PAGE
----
Typical steps of a student project

① Background

Universities identify community challenges and set up student teams. The teams review the current scenario and define objectives, expectations, risks and relevant stakeholders.

② Initial systemic context

The teams analyze the challenge from aspects such as socio-cultural,environmental, economic, institutional, political, or Human Rights Based Approach (HRBA). Teams formulate an initial ideal approach to address the challenge.

③ Action plan

The teams visit the site of inquiry and conduct fieldwork for 2-3 weeks. The teams conduct data collection such as interviews, mapping, photography surveys, and engage with the local stakeholders through workshops to validate the ideal approach.

④ Revisions

Based on feedback from relevant stakeholders, collected data, research and analysis , the teams revise the initial action plan and propose feasible approaches and interventions.

⑤ Theory of Change

The teams stay in contact with relevant stakeholders and put forward concrete ideas for the process of change. They participate in community meetings and iterate the requirements and the assumptions of the action plan and the proposed interventions.

⑥ Sustainable Impact

The teams present their findings and proposals to course coordinators and local stakeholders. They discuss and reflect their approaches. The long term development and the ownership of the interventions are also discussed as a part of the ways forward.

Outcome and ways forward

The PBL South Asia project resulted in the adoption of applied PBL teaching methods at the participating HEIs in Nepal and Bhutan, and influenced the educational approaches of project partners that already had PBL elements in their curricula. It has cast light on the significant differences of learning environments and the need to carefully adapt general educational principles to serve academically, culturally and institutionally diverging academic and societal communities.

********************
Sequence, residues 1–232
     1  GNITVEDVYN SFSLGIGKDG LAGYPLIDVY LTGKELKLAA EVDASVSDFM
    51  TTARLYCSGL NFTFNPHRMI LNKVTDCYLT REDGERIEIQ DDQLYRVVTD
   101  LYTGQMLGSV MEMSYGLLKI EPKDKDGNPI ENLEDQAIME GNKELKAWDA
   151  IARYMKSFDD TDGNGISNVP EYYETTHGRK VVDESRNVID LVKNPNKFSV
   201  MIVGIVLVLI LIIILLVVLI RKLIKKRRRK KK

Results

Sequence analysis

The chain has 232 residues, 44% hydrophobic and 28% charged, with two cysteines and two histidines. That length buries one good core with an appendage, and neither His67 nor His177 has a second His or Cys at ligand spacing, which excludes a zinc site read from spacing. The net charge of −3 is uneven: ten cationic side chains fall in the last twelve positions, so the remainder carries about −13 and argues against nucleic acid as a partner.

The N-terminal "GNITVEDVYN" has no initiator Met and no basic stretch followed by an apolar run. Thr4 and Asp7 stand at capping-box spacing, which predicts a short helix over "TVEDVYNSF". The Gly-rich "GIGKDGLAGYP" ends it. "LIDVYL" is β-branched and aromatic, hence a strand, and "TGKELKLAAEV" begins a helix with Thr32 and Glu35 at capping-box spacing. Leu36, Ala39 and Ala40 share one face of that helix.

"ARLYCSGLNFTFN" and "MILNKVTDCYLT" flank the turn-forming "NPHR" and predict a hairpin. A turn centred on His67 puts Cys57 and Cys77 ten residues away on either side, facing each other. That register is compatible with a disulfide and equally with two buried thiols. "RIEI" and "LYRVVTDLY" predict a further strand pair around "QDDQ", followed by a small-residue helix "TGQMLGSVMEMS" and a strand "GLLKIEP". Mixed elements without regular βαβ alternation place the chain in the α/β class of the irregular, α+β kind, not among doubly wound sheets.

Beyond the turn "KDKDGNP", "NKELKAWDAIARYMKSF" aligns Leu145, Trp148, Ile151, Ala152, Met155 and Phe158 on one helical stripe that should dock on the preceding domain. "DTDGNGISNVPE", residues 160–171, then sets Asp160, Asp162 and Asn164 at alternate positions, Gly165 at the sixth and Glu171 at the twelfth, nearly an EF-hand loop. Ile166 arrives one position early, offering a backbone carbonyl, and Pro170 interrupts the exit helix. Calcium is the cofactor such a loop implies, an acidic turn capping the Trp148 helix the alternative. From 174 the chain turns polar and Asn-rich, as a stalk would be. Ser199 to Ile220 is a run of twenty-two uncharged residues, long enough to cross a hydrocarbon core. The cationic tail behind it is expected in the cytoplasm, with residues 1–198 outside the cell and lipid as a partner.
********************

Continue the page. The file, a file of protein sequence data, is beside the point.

There is an increased interest in the application of PBL pedagogy for global sustainability among the participating HEIs and among stakeholders such as innovation ecosystems, societal partners, faculty and course coordinators at other higher education institutions. This project is followed by various spin-offs and new initiatives in Europe, South Asia and other regions. For South Asian HEIs interested in contacting the project partners, we recommend liaising with the PBL South Asia Network coordinated by the Indian Institute of Technology Bombay (IITB), with support from the PBL Lab  at the Indian Institute of Science (IISc). For cooperation with HEIs in Finland, we recommend contacting EDUCase Platform.

Aalto University
Riina Subra, Project Lead
Avinash Dhital, Project Coordinator

Indian Institute of Technology Bombay
Venkata Santosh Kumar Delhi
Nepal Engineering College
Durgaprasad Bhandari
Asian Institute of Technology & Management
Lena Sthapit
Kathmandu University
Diwakar Bista
Royal University of Bhutan
Hemlal Bhattarai

Delft University of Technology
Jan-Carel Diehl
Kaunas University of Technology
Andrius Jurelionis
Sagarmatha Engineering College
Ramesh Kumar Shrestha

Indian Institute of Science Bangalore
Apoorv Naresh Bhatt

The European Commission's support for the production of this publication does not constitute an endorsement of the contents, which reflect the views only of the authors, and the Commission cannot be held responsible for any use which may be made of the information contained therein.